Listening last month to left-wing groups describe the increased charedi representation at the World Zionist Congress as a “hostile takeover” disappointed – but hardly surprised – me.
Even prior to the elections for this body – which meets every five years and has an annual budget of $1 billion – Mercaz USA (representing the Conservative movement) and ARZA (representing the Reform and Reconstructionist streams) derided charedim as “religious extremists and zealots” and depicted charedi participation in the World Zionist Congress elections as – ironically enough – “threatening…the basic tenets of democracy.”
Few anticipated that Eretz HaKodesh – a brand-new charedi American slate – would emerge as the third largest party after this year’s vote in March to determine the composition of the American delegation to the World Zionist Congress. But that outcome put a spotlight on the intolerance of the leaders of the aforementioned liberal movements.
Both Mercaz USA and ARZA filed complaints with the American Zionist Movement – which oversaw the elections – to ensure that charedi representation be reduced or entirely eliminated.
I work with Rabbi Pesach Lerner, chairman of Eretz HaKodesh, and was an alternate delegate on his slate, so he asked me to help defend it. Even while the election campaign was underway, ARZA complained that Eretz HaKodesh violated rules prohibiting “demeaning or denigrating” other slates for simply pointing out that ARZA’s progressive agenda conflicts with Torah values.
Coming from a slate whose own website refers to the “fundamentalist rigidity” of “the coercive and autocratic authority of the ultra-Orthodox establishment,” it was hard to take ARZA’s complaint seriously.
After the votes were counted, Mercaz USA asserted that the entire Eretz HaKodesh slate should be retroactively disqualified. Its pretense was that Eretz HaKodesh didn’t support the World Zionist Organization’s “Jerusalem Program” as required by the election rules, and that Eretz HaKodesh’s affirmation of it in May of 2019 was “false and knowingly deceptive.”
Of course, its real issue was Eretz HaKodesh’s surprising electoral success.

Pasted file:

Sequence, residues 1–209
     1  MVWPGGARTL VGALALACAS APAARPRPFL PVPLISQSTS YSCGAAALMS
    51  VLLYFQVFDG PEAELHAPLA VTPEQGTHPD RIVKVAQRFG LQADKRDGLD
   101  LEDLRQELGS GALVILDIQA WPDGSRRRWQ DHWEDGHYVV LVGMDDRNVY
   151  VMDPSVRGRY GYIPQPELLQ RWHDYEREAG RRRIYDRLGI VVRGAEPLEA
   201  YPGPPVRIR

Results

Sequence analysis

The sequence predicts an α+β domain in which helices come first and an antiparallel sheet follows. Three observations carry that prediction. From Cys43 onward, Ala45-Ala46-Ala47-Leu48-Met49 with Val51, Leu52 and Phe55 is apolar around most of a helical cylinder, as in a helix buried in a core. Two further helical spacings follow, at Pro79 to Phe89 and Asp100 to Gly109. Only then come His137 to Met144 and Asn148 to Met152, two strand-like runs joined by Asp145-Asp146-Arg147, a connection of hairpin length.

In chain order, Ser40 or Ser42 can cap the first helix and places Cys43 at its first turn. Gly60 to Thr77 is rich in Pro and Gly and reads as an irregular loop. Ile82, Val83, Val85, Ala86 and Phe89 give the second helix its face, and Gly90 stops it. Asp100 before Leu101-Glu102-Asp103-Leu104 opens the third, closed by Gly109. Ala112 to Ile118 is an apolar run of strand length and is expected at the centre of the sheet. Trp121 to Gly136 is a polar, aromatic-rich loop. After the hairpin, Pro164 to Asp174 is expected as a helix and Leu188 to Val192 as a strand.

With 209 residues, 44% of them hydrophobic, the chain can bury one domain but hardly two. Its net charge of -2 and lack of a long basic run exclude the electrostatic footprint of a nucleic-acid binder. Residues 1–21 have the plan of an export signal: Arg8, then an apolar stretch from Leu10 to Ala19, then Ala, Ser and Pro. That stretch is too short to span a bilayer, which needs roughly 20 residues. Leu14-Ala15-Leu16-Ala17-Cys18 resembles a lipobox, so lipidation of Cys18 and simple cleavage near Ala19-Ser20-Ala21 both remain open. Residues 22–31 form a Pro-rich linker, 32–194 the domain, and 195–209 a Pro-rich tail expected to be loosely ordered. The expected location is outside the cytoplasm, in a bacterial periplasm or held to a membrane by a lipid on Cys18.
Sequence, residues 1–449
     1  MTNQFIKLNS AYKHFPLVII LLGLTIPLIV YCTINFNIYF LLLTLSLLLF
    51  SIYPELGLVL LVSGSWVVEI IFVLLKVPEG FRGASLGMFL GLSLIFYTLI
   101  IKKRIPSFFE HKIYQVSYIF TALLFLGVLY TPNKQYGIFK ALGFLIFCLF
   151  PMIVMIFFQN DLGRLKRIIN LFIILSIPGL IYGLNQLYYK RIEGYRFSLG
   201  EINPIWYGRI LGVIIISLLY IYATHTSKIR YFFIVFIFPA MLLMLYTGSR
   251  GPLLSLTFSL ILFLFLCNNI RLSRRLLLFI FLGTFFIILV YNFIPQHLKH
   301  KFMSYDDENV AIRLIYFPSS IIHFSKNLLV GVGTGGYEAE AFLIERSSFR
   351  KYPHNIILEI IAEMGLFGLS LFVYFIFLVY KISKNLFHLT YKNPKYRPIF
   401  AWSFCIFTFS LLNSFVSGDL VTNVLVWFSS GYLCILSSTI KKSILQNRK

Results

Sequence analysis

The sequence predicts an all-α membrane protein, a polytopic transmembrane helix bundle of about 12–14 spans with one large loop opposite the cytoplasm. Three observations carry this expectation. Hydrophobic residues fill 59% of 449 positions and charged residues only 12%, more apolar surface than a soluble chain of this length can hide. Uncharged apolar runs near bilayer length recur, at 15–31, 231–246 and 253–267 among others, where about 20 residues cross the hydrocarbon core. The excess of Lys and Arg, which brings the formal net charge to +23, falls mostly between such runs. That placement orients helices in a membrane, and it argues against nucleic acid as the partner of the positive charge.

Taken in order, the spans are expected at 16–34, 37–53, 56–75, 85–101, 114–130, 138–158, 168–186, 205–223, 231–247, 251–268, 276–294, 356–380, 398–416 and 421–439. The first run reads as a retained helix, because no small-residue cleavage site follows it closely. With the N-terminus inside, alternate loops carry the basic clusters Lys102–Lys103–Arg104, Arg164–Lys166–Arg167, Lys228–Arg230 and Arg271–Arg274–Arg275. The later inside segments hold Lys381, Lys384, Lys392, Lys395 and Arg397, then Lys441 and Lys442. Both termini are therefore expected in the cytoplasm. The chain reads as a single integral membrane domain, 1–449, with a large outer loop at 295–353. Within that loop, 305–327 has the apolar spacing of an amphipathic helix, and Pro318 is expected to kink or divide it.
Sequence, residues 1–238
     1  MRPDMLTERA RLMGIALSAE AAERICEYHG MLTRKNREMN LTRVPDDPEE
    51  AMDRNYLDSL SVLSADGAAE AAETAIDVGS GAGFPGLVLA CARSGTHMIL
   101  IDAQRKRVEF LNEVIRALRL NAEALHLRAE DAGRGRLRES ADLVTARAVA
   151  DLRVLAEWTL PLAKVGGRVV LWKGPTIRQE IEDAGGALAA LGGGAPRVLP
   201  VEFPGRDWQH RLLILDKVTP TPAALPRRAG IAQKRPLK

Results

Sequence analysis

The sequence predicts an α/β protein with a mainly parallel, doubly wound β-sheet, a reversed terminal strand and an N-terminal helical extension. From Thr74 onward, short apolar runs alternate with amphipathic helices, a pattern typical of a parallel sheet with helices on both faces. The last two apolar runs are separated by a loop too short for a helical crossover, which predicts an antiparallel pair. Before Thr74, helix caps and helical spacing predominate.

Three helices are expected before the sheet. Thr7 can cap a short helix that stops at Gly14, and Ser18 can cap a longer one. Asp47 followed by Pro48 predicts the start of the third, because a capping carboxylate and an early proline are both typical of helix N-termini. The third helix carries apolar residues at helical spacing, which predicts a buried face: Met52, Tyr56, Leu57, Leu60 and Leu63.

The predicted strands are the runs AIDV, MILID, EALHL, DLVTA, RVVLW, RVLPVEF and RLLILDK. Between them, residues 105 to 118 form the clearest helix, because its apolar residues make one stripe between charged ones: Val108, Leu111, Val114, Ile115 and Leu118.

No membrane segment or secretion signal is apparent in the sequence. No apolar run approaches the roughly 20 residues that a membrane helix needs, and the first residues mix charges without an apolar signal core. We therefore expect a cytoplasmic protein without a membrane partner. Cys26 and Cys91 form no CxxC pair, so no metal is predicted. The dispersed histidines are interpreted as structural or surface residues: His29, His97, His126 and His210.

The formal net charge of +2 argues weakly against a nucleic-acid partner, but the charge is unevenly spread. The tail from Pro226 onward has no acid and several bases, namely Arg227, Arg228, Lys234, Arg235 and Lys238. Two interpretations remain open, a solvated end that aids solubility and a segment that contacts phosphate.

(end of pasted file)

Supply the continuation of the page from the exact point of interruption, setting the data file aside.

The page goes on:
After all, Mercaz USA’s ally – ARZA – promoted its own “interpretation” of the Jerusalem Program during the election while the chair of the still further left-wing Hatikvah slate openly told prospective voters that the requirement to affirm the Program only meant “acknowledging that it is the platform of the WZO,” rather than actually supporting it. A double standard was clearly at work.
It didn’t stop there. Days after Mercaz received a powerful 38-page response from Eretz HaKodesh, demonstrating that its malevolent attempt to oust it was destined to fail, ARZA complained about Eretz Hakodesh’s purported “message” – namely, “that only their understanding of Judaism, ritual and observance is authentic and valid and that any other is completely invalid.”
ARZA made this claim repeatedly, but it was fabricated from whole cloth. Eretz Hakodesh never articulated any such “message.” Yet, it’s obvious what ARZA had in mind: Halacha is based upon the idea that there is a valid way to observe Judaism, which involves rules that Reform proudly discards.
Both liberal slates, in other words, attempted to disqualify Eretz HaKodesh for adhering to traditional Jewish beliefs. This, from movements that preach “tolerance” and “pluralism.”
This pattern of bias didn’t end when the (virtual) Congress began. Although over 70 resolutions and amendments were submitted by slates from around the world, only a small fraction of these were selected by left-wing executives (chosen after the previous Congress) to be considered in a single brief time slot.
One of them was a resolution designed to prevent Eretz HaKodesh or any other traditional slate from speaking about religious differences and their impact on the World Zionist Organization’s educational priorities – while permitting left-wing slates to continue to slander the Chief Rabbinate and observant communities not tied to a slate at the Congress.
And then, after a governing coalition was formed at the Congress that didn’t include them, the left erupted. The very slates that tried to disenfranchise Eretz HaKodesh and the charedi community entirely now demanded their “fair share,” regardless of the expressed will of the electorate. They called the results of coalition negotiations “unacceptable.”
In a letter to Prime Minister Netanyahu, 1,600 rabbis and members of Reform congregations called the coalition agreement “extreme” and said it would leave their Reform congregants – over 98 percent of whom did not vote in the election – “unrepresented” and “marginalized.” The Conservative movement threatened to leave the Congress.
At the end, charedim – whose strong support of Israel is unsurpassed, yet who were dismissed as irrelevant at previous sessions of the World Zionist Congress – will now receive their fair share of representation and funds designed to further the aims of the Jewish. Whether left-wing leaders will end their unfortunate campaign of incitement against Eretz HaKodesh remains to be seen.